Olympics: Anti-gay laws must not affect Sochi

Jacques Rogge, the president of the International Olympic Committee (IOC), has insisted the 2014 Winter Games in Sochi must remain open to all despite the Russian government's controversial anti-gay laws.

"The International Olympic Committee is aware that sport is a human right and must be accessible to all, regardless of ethnicity, gender or sexual orientation," the 71-year-old told Sunday's edition of German newspaper Tagesspiegel.

"The Games themselves must be open to all, this applies to spectators, officials, journalists and, of course, the athletes."

After 12 years in office, Rogge will be replaced as IOC president next month when elections are held at the 125th IOC Session in Buenos Aires, Argentina.

But the Belgian said there can be no place for discrimination at any Olympic Games.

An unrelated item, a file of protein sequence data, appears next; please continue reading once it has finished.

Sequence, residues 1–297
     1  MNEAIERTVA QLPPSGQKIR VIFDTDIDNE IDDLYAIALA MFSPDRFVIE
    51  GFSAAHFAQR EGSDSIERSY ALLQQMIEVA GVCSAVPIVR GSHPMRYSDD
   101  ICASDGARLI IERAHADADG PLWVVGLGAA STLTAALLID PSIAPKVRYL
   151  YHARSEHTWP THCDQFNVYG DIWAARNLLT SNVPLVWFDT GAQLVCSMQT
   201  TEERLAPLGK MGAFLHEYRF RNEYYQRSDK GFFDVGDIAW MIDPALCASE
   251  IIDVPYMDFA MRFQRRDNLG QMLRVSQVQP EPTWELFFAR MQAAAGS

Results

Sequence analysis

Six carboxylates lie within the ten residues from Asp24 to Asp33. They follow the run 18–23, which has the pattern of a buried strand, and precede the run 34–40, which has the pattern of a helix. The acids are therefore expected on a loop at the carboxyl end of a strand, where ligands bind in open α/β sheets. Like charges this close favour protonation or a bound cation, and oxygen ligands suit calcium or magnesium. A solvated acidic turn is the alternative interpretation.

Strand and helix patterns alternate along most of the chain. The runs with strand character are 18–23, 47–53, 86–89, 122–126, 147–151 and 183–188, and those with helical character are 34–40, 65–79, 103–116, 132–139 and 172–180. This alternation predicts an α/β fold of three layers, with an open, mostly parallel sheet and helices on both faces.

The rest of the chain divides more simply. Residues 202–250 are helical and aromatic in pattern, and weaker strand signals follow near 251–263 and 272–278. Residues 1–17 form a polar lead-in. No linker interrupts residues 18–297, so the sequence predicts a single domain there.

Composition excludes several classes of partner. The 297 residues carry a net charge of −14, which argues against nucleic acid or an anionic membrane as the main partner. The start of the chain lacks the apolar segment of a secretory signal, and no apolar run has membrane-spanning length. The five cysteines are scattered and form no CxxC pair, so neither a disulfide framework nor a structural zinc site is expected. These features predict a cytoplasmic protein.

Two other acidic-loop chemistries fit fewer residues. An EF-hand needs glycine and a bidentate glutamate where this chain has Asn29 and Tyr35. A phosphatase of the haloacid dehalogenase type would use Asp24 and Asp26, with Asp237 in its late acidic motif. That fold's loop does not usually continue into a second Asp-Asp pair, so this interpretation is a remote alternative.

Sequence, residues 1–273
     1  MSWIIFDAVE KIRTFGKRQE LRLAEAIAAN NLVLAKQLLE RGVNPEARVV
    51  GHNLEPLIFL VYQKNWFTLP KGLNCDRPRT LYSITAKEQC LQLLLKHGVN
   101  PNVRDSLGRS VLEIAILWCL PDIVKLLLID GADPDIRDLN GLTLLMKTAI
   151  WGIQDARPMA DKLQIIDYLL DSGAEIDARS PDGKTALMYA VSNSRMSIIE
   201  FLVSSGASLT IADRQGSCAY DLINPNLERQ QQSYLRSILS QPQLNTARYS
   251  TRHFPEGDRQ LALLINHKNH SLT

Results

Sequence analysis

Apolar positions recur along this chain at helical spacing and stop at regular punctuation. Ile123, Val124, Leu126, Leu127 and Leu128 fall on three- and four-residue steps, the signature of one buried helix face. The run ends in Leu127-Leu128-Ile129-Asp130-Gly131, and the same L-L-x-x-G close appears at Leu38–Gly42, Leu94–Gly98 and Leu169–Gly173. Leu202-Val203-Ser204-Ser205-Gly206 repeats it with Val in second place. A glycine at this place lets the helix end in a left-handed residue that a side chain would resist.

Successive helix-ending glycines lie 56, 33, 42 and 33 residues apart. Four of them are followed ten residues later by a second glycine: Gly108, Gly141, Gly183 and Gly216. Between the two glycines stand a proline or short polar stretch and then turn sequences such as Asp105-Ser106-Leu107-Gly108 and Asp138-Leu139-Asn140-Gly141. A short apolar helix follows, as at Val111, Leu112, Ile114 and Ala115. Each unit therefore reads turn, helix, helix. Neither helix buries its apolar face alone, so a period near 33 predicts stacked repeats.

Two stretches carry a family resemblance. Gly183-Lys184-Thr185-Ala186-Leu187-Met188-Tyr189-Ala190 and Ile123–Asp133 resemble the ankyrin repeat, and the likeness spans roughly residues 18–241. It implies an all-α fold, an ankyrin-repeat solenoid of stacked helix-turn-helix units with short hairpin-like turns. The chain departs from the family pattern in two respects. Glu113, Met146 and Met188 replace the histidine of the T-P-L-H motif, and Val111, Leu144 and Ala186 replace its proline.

"The IOC will continue to work to ensure that the Games take place without discrimination," Rogge added.

"We would oppose, with all our might, any movement that threatens this principle."

In June, Russian president Vladimir Putin signed a law against "gay propaganda" which punishes the dissemination of information about homosexuality to minors.

Activists say the law can be used for a broad crackdown against gays and there are fears it could be used against participants at the Sochi Olympics.

It has sparked calls for a boycott in some quarters and Russian officials have said all athletes will have to obey the law at the Games.

But Rogge has said he has reassurances from "the highest level" that the Sochi games, which run from February 7-23, will take place without discrimination against homosexuals.

"The IOC has commitments from the highest authorities in Russia that this legislation will not affect anyone who attends the Games or takes part in them," added Rogge.